By Kevin Boyle Posted December 14, 2011
Americans today are gripped by numbers that dominate our lives: What’s your social security number, driver’s license, Student ID, etc? All of which are used to identify us in everyday life. However, do you know what your percent is? How close to the 1% are you?
For weeks now the Occupy protests have been making the statement, “We are the 99%”. The group’s unofficial website says the purpose of protest is, ”Fight back against the corrosive power of the major banks and multinational corporation over the democratic process, and the role of Wall Street in creating an economic collapse that has caused the greatest recession in generations.” In so many words it means the bank and large corporations are to blame for the Great Recession, and Wall Street is the institution that allows them to operate.
The group has no official website, due to rifts already planted in the group. Also, there is no official size to the movement, many suspect the homeless for bolstering their presence in the center of cities. Critics of the movement have claimed that the movement cannot sustain itself without a strong leadership element. Which is one of the reasons supporters have remained on the fence about the topic.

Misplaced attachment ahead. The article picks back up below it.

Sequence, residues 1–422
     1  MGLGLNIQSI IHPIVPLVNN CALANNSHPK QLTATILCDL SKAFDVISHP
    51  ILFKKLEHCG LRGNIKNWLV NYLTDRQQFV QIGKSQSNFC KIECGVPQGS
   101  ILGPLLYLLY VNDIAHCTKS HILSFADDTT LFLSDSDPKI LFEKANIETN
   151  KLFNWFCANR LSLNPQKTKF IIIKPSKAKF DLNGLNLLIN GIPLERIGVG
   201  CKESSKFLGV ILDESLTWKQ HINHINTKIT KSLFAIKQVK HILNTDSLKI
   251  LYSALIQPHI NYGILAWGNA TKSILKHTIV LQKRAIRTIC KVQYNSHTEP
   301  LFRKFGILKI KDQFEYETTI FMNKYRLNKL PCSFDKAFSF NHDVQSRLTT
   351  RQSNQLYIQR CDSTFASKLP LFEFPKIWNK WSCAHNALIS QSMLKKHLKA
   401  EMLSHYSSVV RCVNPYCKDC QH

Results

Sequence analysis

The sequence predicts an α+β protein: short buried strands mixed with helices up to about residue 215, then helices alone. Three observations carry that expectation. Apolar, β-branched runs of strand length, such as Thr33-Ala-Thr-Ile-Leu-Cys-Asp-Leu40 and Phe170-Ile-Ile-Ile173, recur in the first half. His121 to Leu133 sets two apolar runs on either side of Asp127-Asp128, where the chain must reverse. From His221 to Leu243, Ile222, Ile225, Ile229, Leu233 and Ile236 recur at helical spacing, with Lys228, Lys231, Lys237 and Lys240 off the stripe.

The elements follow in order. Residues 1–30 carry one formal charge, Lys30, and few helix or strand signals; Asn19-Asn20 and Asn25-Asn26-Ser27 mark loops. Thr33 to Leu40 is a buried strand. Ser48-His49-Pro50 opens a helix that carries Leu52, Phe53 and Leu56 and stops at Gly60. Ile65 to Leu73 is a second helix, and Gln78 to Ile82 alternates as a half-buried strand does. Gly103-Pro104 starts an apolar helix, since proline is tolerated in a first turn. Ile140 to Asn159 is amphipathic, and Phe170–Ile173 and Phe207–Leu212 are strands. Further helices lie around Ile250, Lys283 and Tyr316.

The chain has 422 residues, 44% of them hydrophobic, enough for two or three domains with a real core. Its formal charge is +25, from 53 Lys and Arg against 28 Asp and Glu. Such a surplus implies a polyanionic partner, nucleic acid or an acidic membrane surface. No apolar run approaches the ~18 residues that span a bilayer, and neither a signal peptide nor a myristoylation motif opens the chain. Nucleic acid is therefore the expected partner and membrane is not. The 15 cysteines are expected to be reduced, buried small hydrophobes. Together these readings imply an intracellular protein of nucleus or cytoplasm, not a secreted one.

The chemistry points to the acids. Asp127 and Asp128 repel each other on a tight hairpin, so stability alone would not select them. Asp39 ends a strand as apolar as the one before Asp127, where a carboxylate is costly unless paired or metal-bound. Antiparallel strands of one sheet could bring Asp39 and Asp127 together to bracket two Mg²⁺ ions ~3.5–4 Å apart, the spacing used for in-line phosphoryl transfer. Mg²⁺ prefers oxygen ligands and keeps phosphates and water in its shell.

Many do not know if they should support the protest, the reason being it has not been thoroughly explained, others because they simply do not agree, while others are not sure what their number is. Fortunately for those of us who remain confused, the “The Wall Street Journal” has made it easy for all of us to find our number. Visit http://blogs.wsj.com/economics/2011/10/19/what-percent-are-you/ to find your percent.
In 2009, the average salary in Nevada’s mining industry was $78,700 plus benefits according to nevadamining.org which equates to 72%. Meaning a household in Winnemucca earning $78,700 would make more than 72% of other households in the US. You are in the top 28%…congratulations. This also would be a single-income household. If two people in the same household earn the average mining salary, the combined income is $157,400. That equates to the top 10% of household incomes in the US; right up there with A-Rod, Bill Gates, and Warren Buffet, right? I for one rank in the 98% fully above 2% of the population…”not bad”.
This is the US and the income of our neighbors should be their business. Rather than being envious of what others have, let’s focus on what we have. Perhaps being more proactive about one’s own finances may yield better results protesting the system. If you want more, go out and get it. Do not expect it to be handed to you or taken from others. Lowering the percent of others does not increase your own. Is it not the American dream to make yourself a wealthy individual? Ask not what you can do to lower other’s percents; ask how you can improve your own.